The Nebraska independent. (Lincoln, Nebraska) 1896-1902, November 19, 1896, Image 1

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    The Wealth Makers and Lincoln Independent Consolidated.
LINCOLN, NEBR., THURSDAY, Nov. 19, 1896.
NO. 23.
. 1
The Boadbeds Should be Owned by
the government.
Says the Lines Should be Made Pub
lic to all Roads.
A Practical Solution of the Problem.
Ai is well known, Senator J. P. Jones
of Nevada is an ardent advocate of'the
ownership of the railroads by the federal
government, though he is not wholly in
sympathy with the schemes for their
actual operation by Uncle Sam. He
has, however, formulated - a plan of bis
own to which he will devote almost his
entire energies during the coming session
of congress, and the details of this plan,
which have not before been made public,
become of interest, therefore, to those
who disagree with his views, as well as
to those who are in sympathy with them.
"I believe that the people of the United
States aro ready to insist on the govern'
ment assuming control of the railroads
of the country," said Senator Jones to
me the other day. "I am myself heartily
, n favor of it on general principles, but I
1o not approve of the plans thus far
presented for bringing it about. Neither
, do I regard as wise the proposition to
V have the roads,, operated by the govern
) ment, as that would be to place in the
nanas 01 a rawmen a dangerous political
wower mac wouia do a menace to me
. "'How would you have the roads oper
ated, it not Dy tnegovernmentr l asReo.
"By the people," replied Senator Jones.
"My plan, which X worked out wnen
the agitation for government ownership
1 the railroads was first advocated, is
have - the government acquire - the
ds by purchase and foreclosure of the
mortgages ao a y jtedness overdue
and tfrow them opv Jo the public as in
the cise of toll-roads.
( '"Infthe early days out West,, when a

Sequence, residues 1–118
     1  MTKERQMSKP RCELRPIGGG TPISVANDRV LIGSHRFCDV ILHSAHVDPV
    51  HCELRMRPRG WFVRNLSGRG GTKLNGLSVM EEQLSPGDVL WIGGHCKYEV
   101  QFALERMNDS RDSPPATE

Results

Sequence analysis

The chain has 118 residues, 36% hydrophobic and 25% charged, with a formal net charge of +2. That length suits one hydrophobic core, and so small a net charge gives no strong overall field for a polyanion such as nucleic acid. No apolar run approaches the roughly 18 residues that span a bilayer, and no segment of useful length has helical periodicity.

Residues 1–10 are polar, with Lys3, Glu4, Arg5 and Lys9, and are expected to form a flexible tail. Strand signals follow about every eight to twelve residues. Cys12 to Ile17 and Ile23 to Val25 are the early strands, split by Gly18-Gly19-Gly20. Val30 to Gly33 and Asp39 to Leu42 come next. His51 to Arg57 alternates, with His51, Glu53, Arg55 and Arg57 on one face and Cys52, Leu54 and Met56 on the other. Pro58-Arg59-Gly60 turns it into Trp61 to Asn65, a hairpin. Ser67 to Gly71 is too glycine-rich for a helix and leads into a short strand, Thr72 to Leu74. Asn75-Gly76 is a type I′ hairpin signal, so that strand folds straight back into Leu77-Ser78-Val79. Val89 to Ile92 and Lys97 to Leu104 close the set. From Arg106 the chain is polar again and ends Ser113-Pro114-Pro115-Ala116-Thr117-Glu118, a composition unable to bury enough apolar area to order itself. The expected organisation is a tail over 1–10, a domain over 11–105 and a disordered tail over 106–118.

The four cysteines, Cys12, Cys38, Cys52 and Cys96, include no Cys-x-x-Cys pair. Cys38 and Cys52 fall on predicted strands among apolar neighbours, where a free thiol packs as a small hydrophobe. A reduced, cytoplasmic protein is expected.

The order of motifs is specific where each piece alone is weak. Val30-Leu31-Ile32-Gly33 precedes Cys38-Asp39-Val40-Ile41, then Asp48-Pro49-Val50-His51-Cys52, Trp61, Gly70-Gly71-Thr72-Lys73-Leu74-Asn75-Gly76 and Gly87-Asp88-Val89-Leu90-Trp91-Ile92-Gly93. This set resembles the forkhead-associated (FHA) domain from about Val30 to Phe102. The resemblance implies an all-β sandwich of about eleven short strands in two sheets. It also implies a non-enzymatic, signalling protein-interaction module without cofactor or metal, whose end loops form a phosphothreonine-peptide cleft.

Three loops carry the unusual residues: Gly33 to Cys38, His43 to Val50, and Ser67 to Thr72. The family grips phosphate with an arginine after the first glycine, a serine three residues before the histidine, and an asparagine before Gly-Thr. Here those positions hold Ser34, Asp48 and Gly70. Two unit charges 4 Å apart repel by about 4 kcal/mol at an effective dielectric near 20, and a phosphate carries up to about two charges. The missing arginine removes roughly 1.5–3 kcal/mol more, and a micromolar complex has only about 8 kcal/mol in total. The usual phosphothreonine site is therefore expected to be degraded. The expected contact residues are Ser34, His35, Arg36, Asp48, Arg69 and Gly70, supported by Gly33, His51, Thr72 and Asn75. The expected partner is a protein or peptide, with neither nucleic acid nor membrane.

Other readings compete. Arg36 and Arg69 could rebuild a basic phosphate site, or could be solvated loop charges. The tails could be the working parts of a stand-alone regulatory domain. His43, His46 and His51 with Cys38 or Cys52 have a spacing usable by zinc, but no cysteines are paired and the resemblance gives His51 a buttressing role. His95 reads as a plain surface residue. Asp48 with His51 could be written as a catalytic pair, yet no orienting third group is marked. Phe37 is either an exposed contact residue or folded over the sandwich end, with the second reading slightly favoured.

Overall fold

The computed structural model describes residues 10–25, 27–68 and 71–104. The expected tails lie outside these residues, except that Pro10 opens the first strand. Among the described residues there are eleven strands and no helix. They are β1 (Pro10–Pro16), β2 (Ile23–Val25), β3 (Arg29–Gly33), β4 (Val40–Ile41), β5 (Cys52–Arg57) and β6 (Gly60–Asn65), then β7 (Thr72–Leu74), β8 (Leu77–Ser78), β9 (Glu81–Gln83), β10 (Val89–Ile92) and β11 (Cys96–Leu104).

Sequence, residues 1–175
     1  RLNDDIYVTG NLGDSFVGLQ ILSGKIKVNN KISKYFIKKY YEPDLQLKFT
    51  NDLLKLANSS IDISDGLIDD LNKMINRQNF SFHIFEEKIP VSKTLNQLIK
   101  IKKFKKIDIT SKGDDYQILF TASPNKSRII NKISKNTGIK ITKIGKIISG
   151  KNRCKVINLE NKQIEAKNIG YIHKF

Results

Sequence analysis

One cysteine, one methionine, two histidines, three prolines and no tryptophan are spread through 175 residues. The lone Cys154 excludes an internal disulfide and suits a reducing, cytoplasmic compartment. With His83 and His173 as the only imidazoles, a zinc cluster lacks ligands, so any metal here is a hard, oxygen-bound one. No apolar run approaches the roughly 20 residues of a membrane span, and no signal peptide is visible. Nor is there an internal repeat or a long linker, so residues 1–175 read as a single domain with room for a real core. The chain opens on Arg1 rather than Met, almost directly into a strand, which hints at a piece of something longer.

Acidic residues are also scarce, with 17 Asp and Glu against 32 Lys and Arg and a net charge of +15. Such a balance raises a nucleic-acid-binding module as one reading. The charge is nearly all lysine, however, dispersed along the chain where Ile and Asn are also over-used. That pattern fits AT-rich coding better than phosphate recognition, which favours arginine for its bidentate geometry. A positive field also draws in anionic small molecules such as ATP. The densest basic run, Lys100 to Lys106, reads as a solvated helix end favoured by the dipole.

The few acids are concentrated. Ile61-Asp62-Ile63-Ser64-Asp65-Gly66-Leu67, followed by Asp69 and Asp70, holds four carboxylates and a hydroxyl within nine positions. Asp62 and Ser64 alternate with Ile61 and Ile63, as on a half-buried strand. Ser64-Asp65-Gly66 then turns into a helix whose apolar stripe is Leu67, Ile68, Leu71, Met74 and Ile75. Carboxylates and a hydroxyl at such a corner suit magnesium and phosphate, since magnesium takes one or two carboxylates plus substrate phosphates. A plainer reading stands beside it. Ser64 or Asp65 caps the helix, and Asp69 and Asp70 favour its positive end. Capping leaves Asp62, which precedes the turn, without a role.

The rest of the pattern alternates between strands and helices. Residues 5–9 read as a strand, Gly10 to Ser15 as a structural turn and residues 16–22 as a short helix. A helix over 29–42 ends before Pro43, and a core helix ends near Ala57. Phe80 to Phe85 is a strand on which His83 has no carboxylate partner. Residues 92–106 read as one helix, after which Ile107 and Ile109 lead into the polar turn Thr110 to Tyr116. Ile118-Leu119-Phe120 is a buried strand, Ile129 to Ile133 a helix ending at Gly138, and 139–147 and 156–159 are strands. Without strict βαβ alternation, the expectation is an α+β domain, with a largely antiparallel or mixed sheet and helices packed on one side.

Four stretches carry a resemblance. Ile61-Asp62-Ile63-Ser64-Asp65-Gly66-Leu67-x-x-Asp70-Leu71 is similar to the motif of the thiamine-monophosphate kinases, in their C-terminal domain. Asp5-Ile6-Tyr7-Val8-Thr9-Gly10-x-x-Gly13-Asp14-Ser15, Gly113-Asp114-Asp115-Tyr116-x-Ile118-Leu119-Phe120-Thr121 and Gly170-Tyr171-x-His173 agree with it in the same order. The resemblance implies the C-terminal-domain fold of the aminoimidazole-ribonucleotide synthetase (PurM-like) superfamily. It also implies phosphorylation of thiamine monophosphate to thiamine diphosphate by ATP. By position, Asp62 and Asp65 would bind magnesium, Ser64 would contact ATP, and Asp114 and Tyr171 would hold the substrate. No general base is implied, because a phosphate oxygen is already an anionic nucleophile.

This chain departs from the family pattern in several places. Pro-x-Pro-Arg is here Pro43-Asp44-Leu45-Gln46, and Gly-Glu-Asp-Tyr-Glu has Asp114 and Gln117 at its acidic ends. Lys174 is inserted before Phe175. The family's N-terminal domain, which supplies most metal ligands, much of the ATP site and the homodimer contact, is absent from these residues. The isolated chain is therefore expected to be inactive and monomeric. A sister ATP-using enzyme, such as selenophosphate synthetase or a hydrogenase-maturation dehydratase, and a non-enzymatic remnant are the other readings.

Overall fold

to'; rlad was built through a section of
.the fountains the transporter of freight
or pinssengers with his own vehicles could
ipai over the road by the payment of a
certain tee. xuat is precisely toe system
I propose for freight and passenger traf
fic on the railroad after the lines are ac
quired by the government. r .
"The tolls," continued the senator,
"should be fixed at so low a rate as to
produce just enough revenue for the ex
penses of direction and the keeping of
ha trt a rIKoH 4-tonlra efofiAna nnl nrhoi
property pertaining to the roads in a
V perfect state of repair and efficiency. Of
1 course, there "should be a sufficient sur
vplus over operating expenses to main-
tain a fund for new bridges or stations
A on roads already built, and some pro-
K ... I Dt vision miirhfc also he mflda for the con-
Nitruction of new lines.
"The railroad systwn of the entire
: country should be cu t up into zones and
divisions. The best qualified men should
bo employed by the government as man
agers and superintendents, at fixed sal
aries, and their tenure should be during
good behavior. Promotion should be
made in the order of merit and achieve
ment only, and there should be special
rewards in the way of promotions for
those who have succeeded in avoiding
jjfi accidents. The force required to keep
I the roads in order, to collect the tolls,
and to dispatch the trains, would be
IT comparatively small, as the greatest de
j mantfi would be for engineers, firemen,
S 1 brakejjnen, conductors, etc., and i these
" Vmeujvould not be in the government
irHwata!l..:'-r-i-'-t-.';.'".r-' :r:"-,:""- - r
"Tse train service under this system.
f'hemer for passengers-or freight, would
fe efVtirely in the hands of the people,
nD8V first-class engineer, a conductor,
V (and ai brakeman would be at liberty to
F . ; run a train of their own over any line in
y ( the country, under the conditions laid
own oy tue government, ah tney
uld have to do would be to arramre
Vv ..or running tjme with the proper au
thorities, and pay the tolls gxed by law.
"The project Opens up boundless pos-
y 1 Biuuiues fcuao are auaoiuieiy uewuuering
V I Hq. a man with a Wain 0f imagination,
IV n- - : f 1 j il. 1 1
Of established cusfcom. As no request to
. run a traiu for lawjful purposes culd be
who are now shut out of the markets dv
iigh freight rates, cjfuld hire or buy a
tew cars and an engine and go themselves
szJkith their cattle1 or grain to the best
ma'.'ket. The manufacturer could do the
I same thing while the pleasure seeker
v might visit every section of the conti